Along the Coast: World War II planes bring back memories for navigator

(l-r) World War II veterans John Bury, Frank Bonfiglio, Richard Stransky, Bill Schwartz and Arthur Pion gather at Boca Raton Airport for the Collings Foundation’s annual Wings of Freedom tour. The airport hosted several restored planes, including a Boeing B-17 Flying Fortress (background) on which Bury flew as lead navigator. Photos by Tim Stepien/The Coastal Star

By Rich Pollack

It’s been more than 70 years since John Bury sat in the navigator’s seat of a B-17 Flying Fortress as it dropped bombs over Nazi Germany while dodging antiaircraft fire during World War II.

But memories come back quickly when Bury visits the Boca Raton Airport during the annual Wings of Freedom tour, which this year brought three fully restored World War II planes — including the B-17 — to South Florida.

“The good memories come back, and other memories come back when I tell people about the bad missions,” said Bury, of Highland Beach, who at 97 is one of a rapidly dwindling number of WW II veterans in the area. “They come back vividly.”

ABOVE: Bury talks with schoolchildren.

Bury was one of a handful of WWII veterans who shared their stories with about 300 schoolchildren last month during the Wings of Freedom tour’s three-day visit. He periodically volunteers to talk about his experiences as a navigator on the B-17, on which he flew 28 missions.

In addition to getting a chance to see and tour the Flying Fortress, those who came to the airport had a chance to see a fully restored replica of the B-24 Liberator and a restored P-51C Mustang.

The tour, put on annually since 1989 by the Massachusetts-based Collings Foundation, is designed to support what it calls “living history” and to help younger generations learn more about World War II and the sacrifices people made then.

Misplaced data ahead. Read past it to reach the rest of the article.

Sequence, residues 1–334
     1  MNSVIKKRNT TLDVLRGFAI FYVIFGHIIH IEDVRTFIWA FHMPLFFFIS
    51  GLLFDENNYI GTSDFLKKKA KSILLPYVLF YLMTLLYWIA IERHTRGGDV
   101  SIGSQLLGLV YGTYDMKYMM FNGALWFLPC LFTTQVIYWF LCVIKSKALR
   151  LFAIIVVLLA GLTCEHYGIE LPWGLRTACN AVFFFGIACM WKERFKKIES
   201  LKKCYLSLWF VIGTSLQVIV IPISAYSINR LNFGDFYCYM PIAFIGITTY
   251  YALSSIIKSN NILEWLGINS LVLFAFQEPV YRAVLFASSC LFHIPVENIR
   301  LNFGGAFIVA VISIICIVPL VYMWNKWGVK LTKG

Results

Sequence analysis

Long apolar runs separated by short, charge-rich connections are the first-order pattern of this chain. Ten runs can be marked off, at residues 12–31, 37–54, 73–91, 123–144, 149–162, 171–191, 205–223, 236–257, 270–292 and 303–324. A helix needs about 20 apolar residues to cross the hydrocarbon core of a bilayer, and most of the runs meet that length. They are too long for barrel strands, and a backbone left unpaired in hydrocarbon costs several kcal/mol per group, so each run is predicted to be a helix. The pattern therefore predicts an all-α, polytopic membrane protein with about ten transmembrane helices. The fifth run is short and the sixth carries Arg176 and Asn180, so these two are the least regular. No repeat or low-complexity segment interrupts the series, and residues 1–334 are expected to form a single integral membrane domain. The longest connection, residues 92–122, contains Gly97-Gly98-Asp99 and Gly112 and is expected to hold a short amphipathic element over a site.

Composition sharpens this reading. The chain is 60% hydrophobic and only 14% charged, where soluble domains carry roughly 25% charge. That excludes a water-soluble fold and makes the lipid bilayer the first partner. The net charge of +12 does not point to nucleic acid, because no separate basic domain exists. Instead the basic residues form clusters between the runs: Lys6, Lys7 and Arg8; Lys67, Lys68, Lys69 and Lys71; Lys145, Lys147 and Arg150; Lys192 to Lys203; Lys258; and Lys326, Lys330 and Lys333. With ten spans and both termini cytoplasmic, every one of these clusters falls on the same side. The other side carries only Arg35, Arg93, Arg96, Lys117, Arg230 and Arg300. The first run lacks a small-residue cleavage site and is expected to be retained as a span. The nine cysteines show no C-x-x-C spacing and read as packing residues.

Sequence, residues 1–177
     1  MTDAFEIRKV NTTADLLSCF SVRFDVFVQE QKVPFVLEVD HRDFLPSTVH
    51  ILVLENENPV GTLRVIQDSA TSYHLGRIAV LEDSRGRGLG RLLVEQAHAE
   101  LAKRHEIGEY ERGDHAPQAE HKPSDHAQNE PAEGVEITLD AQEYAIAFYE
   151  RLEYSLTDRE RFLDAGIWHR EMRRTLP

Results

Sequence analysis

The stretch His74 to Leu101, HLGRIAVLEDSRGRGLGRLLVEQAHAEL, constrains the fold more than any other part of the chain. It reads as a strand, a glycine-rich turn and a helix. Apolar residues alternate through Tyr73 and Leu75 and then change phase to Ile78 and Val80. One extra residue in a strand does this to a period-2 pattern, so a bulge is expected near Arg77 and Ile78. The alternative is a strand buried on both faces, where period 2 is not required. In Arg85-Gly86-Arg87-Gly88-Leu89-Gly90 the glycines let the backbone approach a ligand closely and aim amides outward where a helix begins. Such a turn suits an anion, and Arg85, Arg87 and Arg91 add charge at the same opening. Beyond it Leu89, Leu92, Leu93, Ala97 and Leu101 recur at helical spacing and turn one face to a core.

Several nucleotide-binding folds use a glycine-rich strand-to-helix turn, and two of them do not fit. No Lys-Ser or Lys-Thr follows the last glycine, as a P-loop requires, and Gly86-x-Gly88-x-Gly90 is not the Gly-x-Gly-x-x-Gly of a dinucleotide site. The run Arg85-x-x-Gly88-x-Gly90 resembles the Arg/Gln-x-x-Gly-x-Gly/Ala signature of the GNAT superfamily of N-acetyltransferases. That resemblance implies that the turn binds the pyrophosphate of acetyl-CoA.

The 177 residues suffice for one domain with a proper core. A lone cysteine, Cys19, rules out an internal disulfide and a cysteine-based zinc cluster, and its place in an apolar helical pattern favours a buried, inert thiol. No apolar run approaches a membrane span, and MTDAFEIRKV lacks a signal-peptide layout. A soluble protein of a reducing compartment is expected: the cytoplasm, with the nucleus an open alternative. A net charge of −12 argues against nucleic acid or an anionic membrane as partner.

For at least 15 years the tour has stopped in Boca Raton, attracting military history buffs as well as veterans from several eras. It is also a popular destination for school field trips.

“This is a really strong stop for us because of the big veteran presence,” said Jamie Mitchell, the Collings Foundation’s tour coordinator. “There are still a few World War II veterans here who flew these planes in combat.”

Airport Director Clara Bennett said giving students a chance to meet with veterans is one of the reasons the airport hosts the Wings of Freedom tour year after year and invites students to join in a welcoming ceremony that involves city leaders and Boca Raton Airport Authority board members.

“We feel we have a responsibility to provide the veterans an opportunity to interact with the students,” she said. “It’s a chance for history to be passed down to the next generation.”

Bennett said the tour also is an opportunity to explain the role the airport played in the war, when it served as an Army Air Corps radar training facility.

For Bury, one of the few World War II veterans at the ceremony who actually flew in a class of the planes on display, the tour offered an opportunity to tell stories that few others are left to share.

“I’m still amazed that this plane was able to get me through combat safely,” he says.

There were times, he recalls, when that almost didn’t happen. The majority of the missions he flew came under attack, and during one flight the enemy shot out two of the plane’s four engines.

Bury recalls another time when a piece of shrapnel came through the window in the front of the plane where he sat as lead navigator.

“Just a few more inches and I wouldn’t be here to tell the story,” he says.

Bury was discharged from the Army Air Corps in September 1945 and married his wife, Shirley, now 90, in 1947. He went on to become a vice president of marketing for Purolator Filters before moving to Florida 36 years ago.

The father of four children, Bury says he never discussed his war days with the family until 1990, when he put together a few photos and words and handed them out.

“We never talked about it,” he says. “We never brought it up and they never asked.”

Now Bury is making up for lost time. He enjoys telling the stories to children and serving as an unofficial tour guide for those wanting to know more about the aircraft they’re seeing.

“When they ask questions, you know they’re listening,” he says. 

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